Samuel McLaughlin Parks, Jr.

submitted by Dave Parks

I noticed on your Harrison County famous Sons and Daughters page you have some well known celebrities and thought you might be interested in another Harrison County son who won a major golf tournament. My father, Sam Parks, Jr., is pictured on the left at age 26 holding the sterling silver trophy he won for the 1935 US Open, that was presented to him by the President of the USGA and Connecticut Senator, Prescott S. Bush.

In 1909, Faye Watson Parks, returned to her parent's house (Wilber and Hanna Watson) in Hopedale, OH from nearby Pittsburg (it was spelled that way then) to have my father delivered by the family doctor. My father's interest in golf was piqued when his father joined Highland Golf Club in Pittsburgh in 1921. Dad took his first golf lesson in the spring of 1922 from the new club professional, Gene Sarazen. Sarazen's intense all day practice sessions in April and May were keenly observed by Dad and made a life long impression when Sarazen won the US Open in June. The 1904 Canadian Open Champion, Jack Oke became the club pro in the late 1920s and worked with my father in perfecting his game. At age 15, Dad won the Club Championship, and in his teens, won the Western Pennsylvania Amateur three times to retire the trophy. At Bellevue High School and at the University of Pittsburgh, Dad started the golf teams, and represented PITT at many collegiate golf events including the prestigious North - South Amateur and the National Intercollegiate (NCAA).

In 1932, he turned professional and, a year later, he became the club pro at South Hills Country Club in Pittsburgh. From 1932 to 1937, Dad played in the winter tour tournaments from January to April that started in California and moved South East as the weather warmed. He played in the 1931, 32, and 34 Opens and in the first Masters at Augusta in 1934. In the 1934 Pennsylvania Open at Oakmont Country Club (Pittsburgh), he finished second with 298, a score which would have won the 1927 Open at Oakmont. In preparation for the 1935 Open, Dad played nine holes almost every morning in May and June at Oakmont, returning to his club pro duties in the afternoon. He made notes of what club to play to hit the green from fairway landmarks. On the green, he would putt many balls from different locations and note the way the ball would curve on its way to imaginary hole placements on the undulating and extremely fast greens. After a first round 77, Dad said he was in about 17th place, a second round 73 put him about 4th, and a third round of 73 made him tied for the lead with Jimmy Thompson. His initial thought was that he could finish in the top 10 with his local knowledge, but after the third round, he thought he could finish in the top five. A final round 76 gave him the winning score of 299. Dad played on the 1935 Ryder Cup team against Alf Perry, the first time the US Open Champion would play the British Open Champion of the same year. At the 36th hole, Dad made a 30-foot putt birdie to win the hole and tie the match so that both players were undefeated in Ryder Cup play.Dad was a club pro until 1941 when he went to work for US Steel. He retired in 1971 as the Sales Manager of the Pittsburgh Region, to Largo, FL.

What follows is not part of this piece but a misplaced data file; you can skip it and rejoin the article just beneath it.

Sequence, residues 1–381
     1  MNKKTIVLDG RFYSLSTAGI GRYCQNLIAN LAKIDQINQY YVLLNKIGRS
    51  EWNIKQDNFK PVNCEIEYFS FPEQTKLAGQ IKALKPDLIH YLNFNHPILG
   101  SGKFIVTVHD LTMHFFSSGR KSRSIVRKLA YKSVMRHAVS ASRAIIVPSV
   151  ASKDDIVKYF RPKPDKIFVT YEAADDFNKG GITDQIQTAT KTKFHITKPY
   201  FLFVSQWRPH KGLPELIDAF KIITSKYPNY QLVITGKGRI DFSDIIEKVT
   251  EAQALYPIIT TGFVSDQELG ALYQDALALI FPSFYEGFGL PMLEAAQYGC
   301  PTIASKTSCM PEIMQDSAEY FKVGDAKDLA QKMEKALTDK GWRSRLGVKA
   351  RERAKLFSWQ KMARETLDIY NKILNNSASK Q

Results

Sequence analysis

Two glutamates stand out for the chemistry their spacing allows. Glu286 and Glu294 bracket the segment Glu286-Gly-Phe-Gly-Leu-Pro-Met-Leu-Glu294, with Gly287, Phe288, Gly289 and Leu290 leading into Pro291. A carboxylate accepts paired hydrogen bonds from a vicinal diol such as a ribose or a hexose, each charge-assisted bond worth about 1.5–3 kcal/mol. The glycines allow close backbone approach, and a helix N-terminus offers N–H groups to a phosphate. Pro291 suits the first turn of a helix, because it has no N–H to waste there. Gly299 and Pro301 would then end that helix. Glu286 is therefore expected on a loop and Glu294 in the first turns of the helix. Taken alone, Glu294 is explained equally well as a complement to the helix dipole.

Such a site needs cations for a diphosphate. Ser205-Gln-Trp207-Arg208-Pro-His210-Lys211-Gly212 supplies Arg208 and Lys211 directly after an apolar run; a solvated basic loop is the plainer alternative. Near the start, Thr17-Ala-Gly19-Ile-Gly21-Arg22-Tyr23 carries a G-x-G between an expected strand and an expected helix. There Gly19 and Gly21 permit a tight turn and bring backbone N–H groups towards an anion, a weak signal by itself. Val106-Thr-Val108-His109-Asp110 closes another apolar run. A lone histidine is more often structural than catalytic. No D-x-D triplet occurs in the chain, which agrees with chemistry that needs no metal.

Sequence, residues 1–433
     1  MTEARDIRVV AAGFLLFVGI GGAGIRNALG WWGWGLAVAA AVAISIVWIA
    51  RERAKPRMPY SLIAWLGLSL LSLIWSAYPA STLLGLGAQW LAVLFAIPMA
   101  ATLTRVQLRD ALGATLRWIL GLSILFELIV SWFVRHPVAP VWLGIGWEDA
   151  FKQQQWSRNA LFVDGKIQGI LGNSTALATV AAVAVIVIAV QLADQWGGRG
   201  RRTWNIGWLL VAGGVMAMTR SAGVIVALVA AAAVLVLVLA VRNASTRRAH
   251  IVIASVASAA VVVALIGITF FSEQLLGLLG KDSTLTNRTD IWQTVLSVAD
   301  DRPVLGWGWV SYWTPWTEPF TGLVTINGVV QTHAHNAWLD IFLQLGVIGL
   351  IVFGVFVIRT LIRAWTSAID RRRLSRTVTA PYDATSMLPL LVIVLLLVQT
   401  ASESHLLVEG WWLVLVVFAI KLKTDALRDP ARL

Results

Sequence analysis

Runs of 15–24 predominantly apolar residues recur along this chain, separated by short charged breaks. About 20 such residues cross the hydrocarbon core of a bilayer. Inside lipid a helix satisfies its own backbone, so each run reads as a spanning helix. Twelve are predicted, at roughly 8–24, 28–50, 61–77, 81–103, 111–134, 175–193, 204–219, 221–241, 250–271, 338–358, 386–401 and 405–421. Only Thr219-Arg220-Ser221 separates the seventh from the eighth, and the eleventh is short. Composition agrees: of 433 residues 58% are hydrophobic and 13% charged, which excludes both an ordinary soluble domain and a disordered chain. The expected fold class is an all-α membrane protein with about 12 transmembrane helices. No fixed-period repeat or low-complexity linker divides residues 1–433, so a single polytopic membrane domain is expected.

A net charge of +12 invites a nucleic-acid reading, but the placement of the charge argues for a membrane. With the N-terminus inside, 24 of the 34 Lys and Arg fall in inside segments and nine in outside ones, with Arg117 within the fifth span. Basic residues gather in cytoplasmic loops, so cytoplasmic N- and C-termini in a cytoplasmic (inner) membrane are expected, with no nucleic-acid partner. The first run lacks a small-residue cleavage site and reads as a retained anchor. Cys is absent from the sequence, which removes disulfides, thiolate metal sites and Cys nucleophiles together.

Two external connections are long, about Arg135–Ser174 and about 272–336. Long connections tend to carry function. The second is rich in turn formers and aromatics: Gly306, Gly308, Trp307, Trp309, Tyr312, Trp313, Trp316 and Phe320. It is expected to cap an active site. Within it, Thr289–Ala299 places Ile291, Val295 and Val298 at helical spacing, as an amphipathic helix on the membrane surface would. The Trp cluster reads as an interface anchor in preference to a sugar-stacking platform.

In his career, Dad played in 18 Masters, 14 US Opens and 12 PGA tournaments. When asked about being an unknown when he won the Open, Dad would answer, "My name is still on the trophy." Dad knew all big names in golf and played many rounds of tournament and exhibition golf with all of them including: Ben Hogan, Walter Hagen, Arnold Palmer, Johnny Miller, Julius Boros, Bobby Locke, Sam Snead, Horton Smith, Babe Zaharias and Ky Laffoon to name a few. I was very fortunate to meet some of these golfers and be part of their wonderful conversations. In 1953, Dad took me into a room where Ben Hogan was relaxing after playing a practice round for the 1953 Open at Oakmont. Hogan was alone, and said, "Hi Sam" when we walked in. After a moment of pleasantries, Dad said, "I'd like you to meet my son Dave." Dad was a very humble man, very bright, had a fantastic memory and a real knack for telling fascinating stories about golf and golfers, and loved being part of its history.

I am still researching the Parks family genealogy and any help from the Buckeye state would be greatly appreciated.
Hugh Whiteford Parks (born 1841) married Sarah McLaughlin (1850-1901) on 11/23/1871 and had seven children that all lived originally in Hopedale:
1. Hugh Whiteford Parks, Jr. was a high school principal in Astoria, Oregon,
2. Dr. Lewis Parks was a general practicing Doctor in Cadiz, Ohio,
3. Jay Parks was a General Superintendent for Republic Steel in Elyria, Ohio,
4. George C. Parks was a Professor of Economics and a Trustee at Ohio University in Athens, Ohio,
5. William C. Parks was the postmaster of Cadiz, Ohio,
6. Samuel McLaughlin Parks, Sr. (1879-1947) married Elizabeth Fayette Watson (1885-1932) of Hopedale, had Samuel McLaughlin Parks, Jr. (June 23, 1909 - April 7, 1997) and moved to Pittsburgh, PA, and,
7. Sarah Parks (Wilson) was a high school principal in Astoria, Oregon.

Below is a page from a photo album with a picture of Wilber and Hanna Watson's house taken about 1911 with Wilber, Hanna, my father about age two, and mother Faye Watson Parks sitting on the porch steps. Underneath the picture my father wrote "Hopedale Ohio. I was born in this house."
 




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